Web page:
ANIMALS UNDER EXTINCTION: 1. THE RED DEER, 2. THE TIGER OF SUMATRA (Παναγιώτης Ζουγανέλης, Μαρία Βαΐου, επιμέλεια κα Έφη Σαμαρά)

1. The Red Deer

Red deer have had continuous presence in Greece as early as the prehistoric ages. Τo this day the deer live in the mountainous regions of the country. The deer  are 1.75 to 2.00m long (male) and 1.60 to 2.10m long (female). In terms of height they are 95 to 150cm tall to their shoulders. Male deer weigh up to 240kg while females weigh up to 170kg. Their horns expand from 71cm up to 150cm (both genders). In Greece the red deer is considered as an endangered species mainly due to illegal hunting activities.


By the end of the 20th century, deer had been confined to the peninsula of Sithonia, the mountains of Rodopi and Parnitha. Today, the Sithonia population is extinct. The protected population of Parnitha seems to be the most robust in the country. Small numbers of deer are kept in breeding farms, and there is a chance that a few animals still exist in the Raftanei-Pramanta region in Epirus from an earlier enrichment.

Poaching is the greatest threat to deer in Greece. Nowadays, the remaining populations are isolated patches. The possibility of deer expansion to new areas is curtailed by the loss of adequate habitats as a result of intensified agriculture, settlement expansion and disturbance.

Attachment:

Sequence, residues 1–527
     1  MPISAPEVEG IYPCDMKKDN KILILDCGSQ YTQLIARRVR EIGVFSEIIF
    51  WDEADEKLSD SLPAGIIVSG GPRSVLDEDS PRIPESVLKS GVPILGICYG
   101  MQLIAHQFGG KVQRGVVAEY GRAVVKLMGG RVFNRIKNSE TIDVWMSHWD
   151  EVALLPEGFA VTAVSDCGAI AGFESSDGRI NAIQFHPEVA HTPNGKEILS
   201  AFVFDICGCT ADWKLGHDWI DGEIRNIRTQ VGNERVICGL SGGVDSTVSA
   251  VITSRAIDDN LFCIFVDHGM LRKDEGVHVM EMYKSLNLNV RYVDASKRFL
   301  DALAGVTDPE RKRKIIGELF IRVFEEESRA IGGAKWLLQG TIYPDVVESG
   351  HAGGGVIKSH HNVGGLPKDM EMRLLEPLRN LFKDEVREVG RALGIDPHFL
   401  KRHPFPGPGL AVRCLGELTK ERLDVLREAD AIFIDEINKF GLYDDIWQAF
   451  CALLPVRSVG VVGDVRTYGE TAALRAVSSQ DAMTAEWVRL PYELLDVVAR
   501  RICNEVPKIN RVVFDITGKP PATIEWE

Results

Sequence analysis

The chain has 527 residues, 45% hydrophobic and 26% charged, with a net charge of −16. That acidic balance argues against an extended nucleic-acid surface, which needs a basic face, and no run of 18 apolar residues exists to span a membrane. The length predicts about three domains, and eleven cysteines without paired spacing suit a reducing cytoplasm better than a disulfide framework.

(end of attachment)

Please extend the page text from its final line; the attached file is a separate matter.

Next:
In order to protect the Red Deer we have to take responsibility up on our shoulders by raising money to fund animal activist organizations. This way they can provide themselves with better equipment. Another possible solution is to push for heavier laws and stronger protection against illegal hunters.  And at last but not least the most obvious way we could provide help is by joining such organizations and dedicate our free time by trying to protect the deer by all means possible.


2. The Tiger of Sumatra

The tiger is one of the most imposing animals on the planet. They are among the most endangered: 90% of the world’s tiger population was lost during the 20th century. In particular, the Sumatran Τiger does not exceed 400 to 500 individuals today, while every year at least fifty tigers are killed for the trade in its fur! According to a WWF report, 253 tigers died in traps between 1998-2002, while its habitat decreased from 130,000 to 42,000 Historically, tigers have been hunted on a large scale for their sheer beauty. The trade in tiger skins peaked in the 1960s, shortly before international efforts to conserve the species took effect. In 1977, a tiger skin in an English market was worth about $4,250.


Additionally, all trade in tiger parts is illegal under the Convention on International Trade in Endangered Species of Wild Fauna and Flora, and a trade ban has been in place in China since 1993. However, trade in parts in Asia has a major black market industry and government efforts to stop it have so far been ineffective. Almost all of the black market is based in China, and products are sold within the country or shipped to Taiwan, South Korea and Japan. The South China Τiger was nearly extinct due to this trade from the 1950s to the 1970s. Contributing to the illegal trade, there are some illegal farms in the country that specialize in breeding tigers for profit.




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